It is clear that these cops were on a mission that night, he said. After repeatedly telling the police he is heading back to his car, more officers appear. Morgan thought “two cops” were on him but would find out later it was closer to five. Pressed against the bridge railing, it is clear he is going to be detained, he thought. Morgan said he was shoved to the ground and handcuffed. A Latino officer helped him up and asked the others what was going on. Morgan remembers telling him:
“Well, I was heading back to my car. My wife is over there, and we were heading back to our car.”
A different officer orders the Latino officer to take Morgan to the “paddy wagon.” Morgan is handcuffed, taken and told to sit down on the ground.
“So, then they take us over to the paddy wagon, and then like they normally do, because their whole deal is power and authority, they tried to make me sit on the ground. I tell them I’m not sitting there. ‘Well, I’m going to need you to’, says the cop. I told him, ‘Well, I’m an old vet so I’m not going to.”
Once in the police van, Morgan estimates they were held behind the police station for two hours, just sitting. At some point, the police bring a young man to the van who is bleeding profusely from his head.
“They had to drag him in the van. He was barely conscious. Like he was literally barely conscious. We kept singing songs and making him sing with us. The people on the side of him kept nudging him to keep him awake on the ride to Polk County. Yeah, they dragged him into the paddy wagon and he was limp, and his eyes were barely open. Oh, and interestingly enough, there were 11 people in that paddy wagon. The protest was about 500 people in Des Moines, Iowa. So I’m pretty sure you understand that means, it was overwhelmingly white people. But of the 27 that were arrested that night, I think maybe only two of them were white,” he said.
After a Weekend in Jail, the Community Shows Up for Pascha
The police charged him with inciting a riot and failure to disperse before they released him three days later on a $2,000 bond. Morgan was arrested on a Saturday evening and released on Monday afternoon.
“Yeah, they got us all out. Not only that, when we walked out to the parking lot, there were snacks and new clothes if people needed them. There were cigarettes, there was Tylenol if you needed it. There were people offering rides. There were people just to hug you and say it was going to be OK if you didn’t have any family that was going to show up for you. It was awesome. Our community is awesome. We take care of our people.”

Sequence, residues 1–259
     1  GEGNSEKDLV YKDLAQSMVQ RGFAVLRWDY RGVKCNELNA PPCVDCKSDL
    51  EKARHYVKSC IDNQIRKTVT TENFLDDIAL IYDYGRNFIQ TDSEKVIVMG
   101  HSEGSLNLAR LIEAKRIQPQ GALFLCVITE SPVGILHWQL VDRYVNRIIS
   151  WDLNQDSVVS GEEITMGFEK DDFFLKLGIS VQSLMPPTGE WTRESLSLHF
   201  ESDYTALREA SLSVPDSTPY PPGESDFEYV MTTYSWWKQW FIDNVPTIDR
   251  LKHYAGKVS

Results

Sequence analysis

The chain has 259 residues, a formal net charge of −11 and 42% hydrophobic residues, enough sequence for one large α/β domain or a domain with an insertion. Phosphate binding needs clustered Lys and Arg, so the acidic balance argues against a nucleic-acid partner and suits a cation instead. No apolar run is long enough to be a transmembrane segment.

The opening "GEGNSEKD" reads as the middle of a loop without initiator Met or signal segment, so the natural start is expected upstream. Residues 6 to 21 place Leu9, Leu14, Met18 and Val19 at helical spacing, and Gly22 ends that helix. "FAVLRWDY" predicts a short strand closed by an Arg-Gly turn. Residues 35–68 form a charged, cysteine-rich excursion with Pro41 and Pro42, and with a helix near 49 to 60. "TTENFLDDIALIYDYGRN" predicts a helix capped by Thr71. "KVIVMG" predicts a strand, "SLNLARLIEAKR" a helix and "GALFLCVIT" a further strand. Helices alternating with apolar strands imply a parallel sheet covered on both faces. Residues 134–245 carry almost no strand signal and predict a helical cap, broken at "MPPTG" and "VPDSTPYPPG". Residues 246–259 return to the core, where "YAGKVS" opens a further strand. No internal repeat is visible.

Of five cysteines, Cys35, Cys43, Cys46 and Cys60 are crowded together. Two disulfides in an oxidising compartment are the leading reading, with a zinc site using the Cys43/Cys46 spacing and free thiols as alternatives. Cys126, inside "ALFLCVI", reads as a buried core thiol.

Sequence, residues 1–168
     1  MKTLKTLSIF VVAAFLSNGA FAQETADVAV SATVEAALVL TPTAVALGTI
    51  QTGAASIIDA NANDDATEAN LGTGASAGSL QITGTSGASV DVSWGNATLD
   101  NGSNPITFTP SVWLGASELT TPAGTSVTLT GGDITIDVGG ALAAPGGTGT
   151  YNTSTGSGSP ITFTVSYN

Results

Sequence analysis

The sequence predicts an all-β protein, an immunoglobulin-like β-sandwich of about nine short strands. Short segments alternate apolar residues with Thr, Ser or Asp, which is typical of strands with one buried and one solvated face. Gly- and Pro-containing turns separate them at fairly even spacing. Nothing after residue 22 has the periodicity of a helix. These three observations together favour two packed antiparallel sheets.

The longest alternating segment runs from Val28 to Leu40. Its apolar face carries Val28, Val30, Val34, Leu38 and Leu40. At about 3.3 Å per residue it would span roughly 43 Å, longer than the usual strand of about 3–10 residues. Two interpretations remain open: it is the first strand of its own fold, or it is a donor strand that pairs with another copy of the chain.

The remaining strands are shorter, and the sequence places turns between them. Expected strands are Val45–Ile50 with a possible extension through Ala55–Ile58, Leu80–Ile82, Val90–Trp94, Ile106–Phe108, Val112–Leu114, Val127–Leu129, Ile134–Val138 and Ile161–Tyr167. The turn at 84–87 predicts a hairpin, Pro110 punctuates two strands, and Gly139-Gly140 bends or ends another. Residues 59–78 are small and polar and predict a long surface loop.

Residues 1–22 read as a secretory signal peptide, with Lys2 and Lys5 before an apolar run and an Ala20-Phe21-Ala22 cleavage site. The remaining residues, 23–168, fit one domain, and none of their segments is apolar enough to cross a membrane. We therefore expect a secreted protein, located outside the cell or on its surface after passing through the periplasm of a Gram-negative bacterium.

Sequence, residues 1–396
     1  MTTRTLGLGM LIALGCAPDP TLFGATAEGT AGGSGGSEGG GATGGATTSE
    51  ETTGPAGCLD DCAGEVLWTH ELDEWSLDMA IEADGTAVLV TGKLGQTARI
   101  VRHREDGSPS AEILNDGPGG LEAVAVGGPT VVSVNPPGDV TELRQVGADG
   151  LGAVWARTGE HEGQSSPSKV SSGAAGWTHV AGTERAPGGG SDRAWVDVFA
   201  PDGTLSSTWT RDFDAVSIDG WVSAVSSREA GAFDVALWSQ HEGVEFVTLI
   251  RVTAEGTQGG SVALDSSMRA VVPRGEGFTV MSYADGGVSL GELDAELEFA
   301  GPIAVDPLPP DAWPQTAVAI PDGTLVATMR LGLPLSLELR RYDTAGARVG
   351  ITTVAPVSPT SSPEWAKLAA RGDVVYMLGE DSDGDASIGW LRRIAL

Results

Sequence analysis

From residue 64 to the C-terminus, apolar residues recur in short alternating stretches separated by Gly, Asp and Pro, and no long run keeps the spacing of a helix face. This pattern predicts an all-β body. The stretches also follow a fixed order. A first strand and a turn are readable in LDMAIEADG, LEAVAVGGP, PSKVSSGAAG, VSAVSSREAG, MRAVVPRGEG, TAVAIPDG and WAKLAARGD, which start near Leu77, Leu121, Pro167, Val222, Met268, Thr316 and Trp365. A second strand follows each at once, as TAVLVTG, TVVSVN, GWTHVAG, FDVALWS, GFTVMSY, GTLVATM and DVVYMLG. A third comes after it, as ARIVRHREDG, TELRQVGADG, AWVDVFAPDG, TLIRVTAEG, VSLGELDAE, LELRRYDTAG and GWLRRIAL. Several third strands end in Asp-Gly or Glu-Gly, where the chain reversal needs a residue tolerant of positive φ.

After experiencing “violence from the DMPD,” protesters had to prepare differently for future protests, he said.
“We realized they were at war, so we changed things up. We got street medics. We started finding out what we needed for defensive weapons. We realized that milk was a good agent for tear gas, so we started making sure there were gallons of milk. We started making sure people used handkerchiefs and covered up any identifying scars or tattoos. And we made sure we had baseball helmets to save our heads from tear gas containers and whatnot. We warned people that this was probably not a place for children.”
Did the violence and chaos surprise him?
“No, not at all, because I’m in the community. The movement is the movement, and it’s a movement no matter where. It’s not a Des Moines movement. And the reaction here was the same as the reaction of people in Texas. It’s the same as the reaction of people in Atlanta. It was the same as the reaction of people in Virginia. It was the same. The community is a community of love and justice, and so that’s how they reacted. So, no, that was no surprise. It was no surprise when the cops reacted the way they react. That’s how cops act. The movement is taking care of itself, we’re taking care of people and we’re loving and enveloping people. That is how the movement is, and that’s how it is everywhere, and that’s how the people are. So that was no surprise. It’s a positive note, but it wasn’t surprising.”
All charges filed against Morgan were subsequently dropped and there was no formal court action against him.
Editor’s Note: Morgan knows the name of the officer who arrested him, but that officer’s name is missing from official police documents and another officer’s name is listed, which concerns Just Voices.